BitcoinWhosWho received multiple independent reports of scammers posing as Canada Revenue Agency “CRA” agents demanding payment of taxes in bitcoin. Tax payment deadline was yesterday in Canada.
The most active CRA scam bitcoin address was by far
1GVD8Y9473Lxm2ngdKW5P5M1uazDtGMRFo with 259 total payments worth CAD$284,550.
Based on all reported bitcoin addresses, in total, the CRA scammers conned at least 295 victims out of 44.47594323 BTC or CAD$513,550.
Selected Victim Accounts Continue reading 44 BTC Made By Canada Revenue Agency Tax Collection Scam
What can I do if I’ve been scammed out of bitcoins? Bitcoin transactions may be irreversible but there are steps you can take to ensure that someday it may be possible to recover your funds.
Taint the Receiving Address
How do I taint a scam bitcoin address? Is it possible to taint a bitcoin address? Yes! By reporting a scammers receiving bitcoin address(es) to BitcoinWhosWho.com you taint them and all future downstream transaction addresses. Forever. This allows anyone, including law enforcement, to monitor the addresses, and associated wallets, and take action when they are sent to crypto exchanges, Bitcoin ATMs and other known exit points.
Your report to Bitcoin Whos Who can also help screen and potentially freeze future fraudulent transactions.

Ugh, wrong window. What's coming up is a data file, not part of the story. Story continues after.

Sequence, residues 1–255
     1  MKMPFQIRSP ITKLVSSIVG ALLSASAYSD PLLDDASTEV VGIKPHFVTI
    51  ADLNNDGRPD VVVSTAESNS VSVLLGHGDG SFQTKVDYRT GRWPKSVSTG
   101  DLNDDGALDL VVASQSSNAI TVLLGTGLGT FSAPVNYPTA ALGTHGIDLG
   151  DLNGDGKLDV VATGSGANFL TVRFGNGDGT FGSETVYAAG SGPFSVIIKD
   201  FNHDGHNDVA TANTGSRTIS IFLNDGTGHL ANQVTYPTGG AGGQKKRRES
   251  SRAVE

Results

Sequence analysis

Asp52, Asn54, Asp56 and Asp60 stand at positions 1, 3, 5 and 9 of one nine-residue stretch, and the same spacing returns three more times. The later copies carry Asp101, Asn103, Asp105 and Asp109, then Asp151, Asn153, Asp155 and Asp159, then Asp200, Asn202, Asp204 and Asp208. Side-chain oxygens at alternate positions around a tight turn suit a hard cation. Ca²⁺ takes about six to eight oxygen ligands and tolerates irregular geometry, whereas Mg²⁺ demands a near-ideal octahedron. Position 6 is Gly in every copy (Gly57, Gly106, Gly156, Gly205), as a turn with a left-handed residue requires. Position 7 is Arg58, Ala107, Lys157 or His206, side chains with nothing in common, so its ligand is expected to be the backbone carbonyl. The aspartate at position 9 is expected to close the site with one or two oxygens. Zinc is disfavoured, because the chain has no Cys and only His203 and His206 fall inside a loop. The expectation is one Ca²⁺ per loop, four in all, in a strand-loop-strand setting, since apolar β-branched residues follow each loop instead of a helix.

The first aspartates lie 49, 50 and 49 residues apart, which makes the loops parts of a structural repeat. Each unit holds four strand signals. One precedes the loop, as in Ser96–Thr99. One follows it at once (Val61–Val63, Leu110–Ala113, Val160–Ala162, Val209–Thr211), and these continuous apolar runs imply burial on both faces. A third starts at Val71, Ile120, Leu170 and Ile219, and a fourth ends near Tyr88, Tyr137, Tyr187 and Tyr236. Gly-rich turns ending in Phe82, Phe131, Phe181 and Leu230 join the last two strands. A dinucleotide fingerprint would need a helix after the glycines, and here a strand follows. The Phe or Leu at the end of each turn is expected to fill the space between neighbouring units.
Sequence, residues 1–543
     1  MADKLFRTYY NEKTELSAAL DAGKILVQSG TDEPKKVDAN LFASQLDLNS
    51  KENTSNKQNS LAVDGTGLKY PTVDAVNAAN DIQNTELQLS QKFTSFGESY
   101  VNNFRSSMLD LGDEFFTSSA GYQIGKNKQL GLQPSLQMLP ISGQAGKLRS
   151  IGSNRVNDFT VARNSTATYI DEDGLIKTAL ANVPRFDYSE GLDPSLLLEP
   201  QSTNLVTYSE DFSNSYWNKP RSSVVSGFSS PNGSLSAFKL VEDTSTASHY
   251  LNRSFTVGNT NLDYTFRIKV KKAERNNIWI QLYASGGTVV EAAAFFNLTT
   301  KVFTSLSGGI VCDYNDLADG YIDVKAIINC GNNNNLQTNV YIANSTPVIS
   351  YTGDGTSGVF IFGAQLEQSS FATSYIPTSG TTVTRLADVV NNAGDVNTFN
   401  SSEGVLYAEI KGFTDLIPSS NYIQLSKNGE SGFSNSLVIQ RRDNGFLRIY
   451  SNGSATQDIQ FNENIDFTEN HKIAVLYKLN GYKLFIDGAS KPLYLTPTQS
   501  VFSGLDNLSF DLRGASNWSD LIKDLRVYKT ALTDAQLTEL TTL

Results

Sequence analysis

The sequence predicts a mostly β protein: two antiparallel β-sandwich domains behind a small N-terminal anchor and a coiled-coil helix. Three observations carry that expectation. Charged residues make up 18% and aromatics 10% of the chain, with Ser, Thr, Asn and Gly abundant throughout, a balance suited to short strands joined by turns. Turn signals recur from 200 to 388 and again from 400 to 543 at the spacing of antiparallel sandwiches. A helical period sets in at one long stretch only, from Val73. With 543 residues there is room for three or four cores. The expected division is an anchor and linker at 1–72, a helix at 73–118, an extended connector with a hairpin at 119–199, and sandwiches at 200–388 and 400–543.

Only BitcoinWhosWho.com offers blockchain community members a free API and searchable database of reported scam and bitcoin address website appearances, but there are other fraud report venues out there: Continue reading Where To Report Bitcoin Scams
BitcoinWhosWho received dozens of reports over the last few days from multiple independent sources about a cloud mining scam called Crypterra finally exiting the building. The total received for all the 40 bitcoin addresses reported so far is 2,483.008684 BTC.
Continue reading 2500 BTC Crypterra Exit Scam Reported
Reports of a spam email threatening to reveal sensitive adult content to friends and family unless paid in bitcoin have been surging over the last few days. This bitcoin address was reported twice today alone! 1LEBKnvLEZk2cUfyJ1vU5FpueakWyh4m28
For the last 6 months BitcoinWhosWho has received scam reports relating to some version of an email claiming to have used the recipient’s computer to create a video of recipient visiting adult websites and threatens to send it to recipients’ contacts if not paid $200-$400 in BTC within 20-24 hours. It comes in many languages and has made consistent appearances in our scam reports since October 2017.
SEXTORTION EMAIL SCAM VARIANT MAKES 22.67BTC OVER FIRST 3 WEEKS – July 26, 2018
I KNOW YOUR PASSWORD BITCOIN EXTORTION EMAIL VARIANT– July 13, 2018
BITCOIN PORN BLACKMAIL SCAM MOVED TO POLONIEX WALLET– June 2, 2018
BitcoinWhosWho received multiple independent reports of a ponzi collapse called “BTC Global” run by “Steve Twain” using bitcoin address
The total received balance is 4,575 BTC as of 24 Feb 2018.
29,000 people reportedly scammed by promises of 14% weekly returns. Continue reading BTCGlobal 5000 BTC Ponzi Collapse Reported